First quarter of 2002

New Plutonium Separation Workshop Opened by COGEMA at La Hague

COGEMA’s brand new workshop is ready to reprocess MOX fuel… although it is not authorized to do so. Meanwhile, it doubles La Hague’s theoretical capacity of plutonium separation, though the operational capacity could be limited due to other workshops involved in the process.

WISE-Paris, 27 March 2002

[Posted 27/03/2002]

On 21 December 2001, the French safety authority (DSIN) gave the final green light for the operation of COGEMA’s new plutonium separation workshop, known as R4, at La Hague (1). This is the last stage of a program to replace some of the older La Hague facilities, begun in 1996, and aimed at broadening the technical range of COGEMA’s reprocessing services.

The R4 workshop will separate the plutonium after dissolution of the spent fuel in the UP2-800 plant. It is in fact intended to replace the old MAPu plutonium workshop belonging to the UP2-400 facility. The new facility has a plutonium separation capacity of 80 kg/day, which is more than twice the capacity of MAPu, with 36 kg/day. It by far exceeds the UP2-800 plant’s needs under the current license: the reprocessing of 800 to 850 tons of UOX fuel corresponds to the separation of less than 9 tons of plutonium, or 25 kg/day on average. Moreover, the UP3 plant, which operates on the same basis as UP2-800, is equipped with a plutonium separation workshop, T4, with a capacity of around 40 kg/day that seems sufficient.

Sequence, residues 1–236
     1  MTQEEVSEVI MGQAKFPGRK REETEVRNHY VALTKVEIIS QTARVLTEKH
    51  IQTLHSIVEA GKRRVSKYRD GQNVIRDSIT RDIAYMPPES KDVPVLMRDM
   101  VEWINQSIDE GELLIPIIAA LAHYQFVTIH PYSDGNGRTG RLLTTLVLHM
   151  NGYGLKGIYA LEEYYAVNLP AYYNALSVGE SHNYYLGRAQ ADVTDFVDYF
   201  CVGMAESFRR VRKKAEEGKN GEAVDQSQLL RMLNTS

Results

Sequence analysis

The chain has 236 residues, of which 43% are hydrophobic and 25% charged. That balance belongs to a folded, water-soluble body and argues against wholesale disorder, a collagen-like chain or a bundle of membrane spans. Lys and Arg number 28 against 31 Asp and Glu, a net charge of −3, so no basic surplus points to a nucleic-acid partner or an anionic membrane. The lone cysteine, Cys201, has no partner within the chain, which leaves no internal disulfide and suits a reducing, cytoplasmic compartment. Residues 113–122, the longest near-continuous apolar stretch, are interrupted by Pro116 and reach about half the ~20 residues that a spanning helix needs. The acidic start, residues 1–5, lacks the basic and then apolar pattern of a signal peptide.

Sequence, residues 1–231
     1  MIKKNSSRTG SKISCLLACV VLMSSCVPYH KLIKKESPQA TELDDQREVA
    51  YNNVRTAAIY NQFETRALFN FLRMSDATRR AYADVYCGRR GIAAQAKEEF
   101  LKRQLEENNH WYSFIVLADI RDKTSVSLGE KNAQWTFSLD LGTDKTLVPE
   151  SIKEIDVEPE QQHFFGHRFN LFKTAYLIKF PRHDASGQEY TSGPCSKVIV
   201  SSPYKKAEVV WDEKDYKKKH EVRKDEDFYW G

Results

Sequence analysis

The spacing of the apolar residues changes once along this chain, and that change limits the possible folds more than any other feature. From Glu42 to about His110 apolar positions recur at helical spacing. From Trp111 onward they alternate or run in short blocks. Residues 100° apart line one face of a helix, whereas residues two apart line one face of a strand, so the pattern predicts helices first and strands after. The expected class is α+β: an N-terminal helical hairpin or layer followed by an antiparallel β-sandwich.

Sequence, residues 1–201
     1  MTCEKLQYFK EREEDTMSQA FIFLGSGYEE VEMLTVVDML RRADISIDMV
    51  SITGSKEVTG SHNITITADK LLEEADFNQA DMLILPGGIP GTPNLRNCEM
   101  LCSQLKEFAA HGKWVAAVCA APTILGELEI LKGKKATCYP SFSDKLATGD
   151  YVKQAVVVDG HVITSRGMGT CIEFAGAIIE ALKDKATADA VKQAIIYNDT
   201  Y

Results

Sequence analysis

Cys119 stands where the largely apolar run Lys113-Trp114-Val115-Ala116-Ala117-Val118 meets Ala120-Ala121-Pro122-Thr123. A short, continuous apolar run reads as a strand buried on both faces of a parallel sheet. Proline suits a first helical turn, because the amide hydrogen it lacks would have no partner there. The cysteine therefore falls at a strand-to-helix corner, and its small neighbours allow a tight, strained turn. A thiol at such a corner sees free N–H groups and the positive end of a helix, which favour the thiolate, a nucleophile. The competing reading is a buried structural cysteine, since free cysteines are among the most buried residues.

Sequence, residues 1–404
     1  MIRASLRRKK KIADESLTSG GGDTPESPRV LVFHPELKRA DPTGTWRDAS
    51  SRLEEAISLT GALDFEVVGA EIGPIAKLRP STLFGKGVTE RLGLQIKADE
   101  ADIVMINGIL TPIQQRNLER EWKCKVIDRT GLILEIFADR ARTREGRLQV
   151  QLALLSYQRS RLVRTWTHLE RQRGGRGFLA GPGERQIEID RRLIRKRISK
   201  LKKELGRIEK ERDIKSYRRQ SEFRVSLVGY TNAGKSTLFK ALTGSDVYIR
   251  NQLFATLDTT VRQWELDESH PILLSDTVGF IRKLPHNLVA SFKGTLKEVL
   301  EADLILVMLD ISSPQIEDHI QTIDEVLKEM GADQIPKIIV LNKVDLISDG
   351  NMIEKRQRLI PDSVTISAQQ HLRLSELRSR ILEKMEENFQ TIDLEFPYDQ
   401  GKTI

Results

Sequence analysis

The real reason why COGEMA completed the R4 workshop is to be able to reprocess MOX fuel, together with UOX fuel, on an industrial scale. Jean-Pierre Goumondy of the French Institute for Radiation Protection and Nuclear Safety (IPSN) stated “it should be remembered that the future corresponding facility (R4) of the UP2-800 plant, scheduled to begin operating in 2001 and intended to replace the current facilities (MAPu), will have a daily nominal capacity of 80 kg of plutonium. This capacity would enable reprocessing with a blend of 2.6 tonnes of UOX2 fuels and 1.03 tonnes of MOX fuels, with an initial mass plutonium content of 5.3%”. (2)

This has been made possible as a result of major changes between the technologies used in MAPu and T4 and the new R4 workshop, both in the separation and the storage stages.